14. 14. Fay Davis Zoccole 14 Language Revitalization organizations already having a presence in the communities, this program would be a great way to utilize these resources in a school atmosphere.3. Story telling techniques: First Steps Literacy Continuum offers excellent ideas for story telling techniques. Some teachers in the Treaty #3 Area have already been trained in this program and will recognize that this continuum allows teachers to use learning in combination with the Ojibway language. The strength of the “First Steps Continuum” equips teachers with strategies that first allow students to tell stories orally and then brings them to the place where they can write out words, sentences and finally, stories, using the correct structures for writing stories, instructions, recipes and essays.4. Vocabulary reinforcement for teaching across content areas: Many teachers are already aware of content word walls and could put up an “Ojibway Word Wall”. As well, teachers could instruct students to have an “Ojibway Words” personal dictionary. The idea is to get students to not just keep words but to also use the Ojibway words throughout the day.5. Assessment techniques: The question is: How is data collected to interpret student learning? Thus, it would be beneficial for teachers to learn a variety of assessment techniques that include indirect and direct evaluation methods to support students learning the Ojibway language. Some current suggestion within the Treaty #3 schools include Ojibway spelling tests, recitals of poetry, prayers or songs, etc. Further data to show evidence of student learning could be collected in the form of a portfolio or presentations completed in the Ojibway
  15. 15. Fay Davis Zoccole 15 Language Revitalization language. Other practices include oral presentations made to parents by having children read in Ojibway to various family members. An additional assessment piece could include an Ojibway portion with the current report card that goes out three times a year. Of course, previous work will need to developed by the Education Department at The Grand Council #3 to identify what each grade should know and learn. Again, teacher will need to be trained in what this process looks like. For example, Kawayaciiwin Education Resource Center in Sioux Lookout has resources what the Kindergarten class should know in a packet that includes: a Teacher’s handbook, picture cards and a report card based on Oji-Cree words and phrases which students are required to learn. The categories for learning are: 1) Vocabulary development, 2) Color concepts, 3) Rote counting, 4) Shape concepts, 5) Listening comprehension 6) Syllabics recognition, 7) Name writing, 8) Drawing a person to include body parts. As such, the teachers would be able to gauge the language growth with tools such as these that would be beneficial for data collection as required by Treaty #3 schools within each community.6. Teacher training: Professional development will be required to ensure success of Ojibway language revitalization. Training in this area is just as important as learning in other key subject areas. All teachers need to be a part of this important training especially because most staff members are not fluent speakers in the Ojibway language and this can be an added stress to teachers with full responsibilities in the classroom. The role of fluent-speaking elders is vital to support teachers with this new endeavor.
  16. 16. Fay Davis Zoccole 16 Language RevitalizationAs stated before, the above list is merely a place to begin to encourage, support andprovide training for teachers and other staff members. The Grand Council Treaty #3and the schools within the Treaty #3 area should add their own ideas to take ownershipfor their part in language revitalization. While training is being provided for school staff,the schools could also extend these learning opportunities to other departments in thecommunities. It is clear that future directions which promote language revitalization is requiredwithin Treaty #3 Schools. What are the Ojibway people without their language? Thisquestion was posed on a Facebook page and a few responses as were follows: a) TheOjibway culture shapes the way Anishnawbe view the world. It is part of our DNA. b)The language is what connects us to who we are as Anishinaabe people, without it weare just part of the English speaking society. These responsibes indicate that theOjibway language and culture go hand in hand. We need to respect and live both ofthese or else we will eventually lose both. Future plans must be made andimplemented to revive the Ojibway language; however much support is required tokeep “language revitalization” in the forefront. The Dakota and Ojibwe LanguageRevitalization In Minnesota suggests a “Twenty-five year strategic plan for languagerevitalization.” To this date, no such plan is known among the general population withinthe Treaty #3 communities. Although it is clear that future directions promoting livespan approaches to language revitalization are needed with Treaty #3 Schools, specificexpectations need to be written by the people themselves to ensure input of thecommunities, including the elders. It seems that the schools have some resources,however; a more central and well-defined place would be helpful to pull all these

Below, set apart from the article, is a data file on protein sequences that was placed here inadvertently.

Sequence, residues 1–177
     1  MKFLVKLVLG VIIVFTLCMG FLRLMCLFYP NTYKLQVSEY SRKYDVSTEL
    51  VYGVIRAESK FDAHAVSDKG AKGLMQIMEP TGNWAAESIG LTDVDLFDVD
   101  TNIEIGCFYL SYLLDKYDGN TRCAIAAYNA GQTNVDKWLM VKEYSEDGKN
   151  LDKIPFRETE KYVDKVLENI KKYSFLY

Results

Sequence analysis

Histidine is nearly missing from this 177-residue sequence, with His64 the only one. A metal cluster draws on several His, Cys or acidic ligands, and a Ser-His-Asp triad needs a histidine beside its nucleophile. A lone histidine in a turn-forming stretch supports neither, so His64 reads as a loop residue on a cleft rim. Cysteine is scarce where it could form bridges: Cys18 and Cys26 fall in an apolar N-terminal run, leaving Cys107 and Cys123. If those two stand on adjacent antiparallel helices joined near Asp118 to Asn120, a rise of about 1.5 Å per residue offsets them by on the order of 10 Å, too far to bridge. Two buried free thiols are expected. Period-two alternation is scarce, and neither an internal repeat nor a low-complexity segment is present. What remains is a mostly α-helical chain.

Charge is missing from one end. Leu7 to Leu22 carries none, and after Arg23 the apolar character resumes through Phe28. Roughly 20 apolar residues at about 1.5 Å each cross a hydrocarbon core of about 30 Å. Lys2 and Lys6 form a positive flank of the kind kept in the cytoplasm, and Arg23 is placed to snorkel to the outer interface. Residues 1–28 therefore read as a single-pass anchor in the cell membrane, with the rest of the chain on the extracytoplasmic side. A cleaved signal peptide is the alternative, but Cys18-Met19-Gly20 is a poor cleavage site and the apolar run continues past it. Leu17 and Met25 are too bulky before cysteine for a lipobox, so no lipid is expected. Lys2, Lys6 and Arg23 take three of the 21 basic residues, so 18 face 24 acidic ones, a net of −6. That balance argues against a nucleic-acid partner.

17. 17. Fay Davis Zoccole 17 Language Revitalizationresources to make it easy for communities to access them. Therefore, to honor thesovereignty of the Treaty #3 territory, it would be beneficial for communities to work incollaboration to build a team-working environment and facilitate learning in the Ojibwaylanguage revitalization.
  18. 18. Fay Davis Zoccole 18 Language RevitalizationBibliographyAssembly of First Nations (AFN). http://www.afn.caDakota and Ojibwe Language Revitalization in Minnesota. Volunteer Working Group on Dakota and Ojibwe Language and Ojibwe Language Revitalization and Preservation..http://www.indianaffairs.state.mn.us/documents/2011%20Dakota% 20and%20Ojibwe%20Language%20Report%20to%20the%20Legislature- final.pdfFishman, Joshua. Fishman’s Graded Intergenerational Disruption Scale. http://www.endangered-languages.com/whatis.phpGardener, Dr. Ethel. Preserving the Ojibwe Language. http//agora.lakeheadu.ca/agora.php?st=259Indian, Sandra. Quote: “Ojibway is a heart language.” 2011.John Reyhner . Some basics of Indigenous Language Revitalization. . http://jan.ucc.nau.edu/~jar/RIL_Intro.htmlKwayaciiwin Education Resource Centre http://www.kwayaciiwin.com/curriculumLanguage Revitalization. Wipikedia. http://en.wikipedia.org/wiki/Language_revitalizationOjibwe Langauge – Wikipedia, the free encyclopedia http://en.wikipedia.orgTreaty #3 Area Map. http://www.gct3.net/“We have kept our part of the Treaty” The Anishinaabe Understanding of Treaty#3. http://www.gct3.net/wp-content/uploads/2011/11/We-Have-Kept-Our-Part-Of- The-Treaty-Booklet.pdf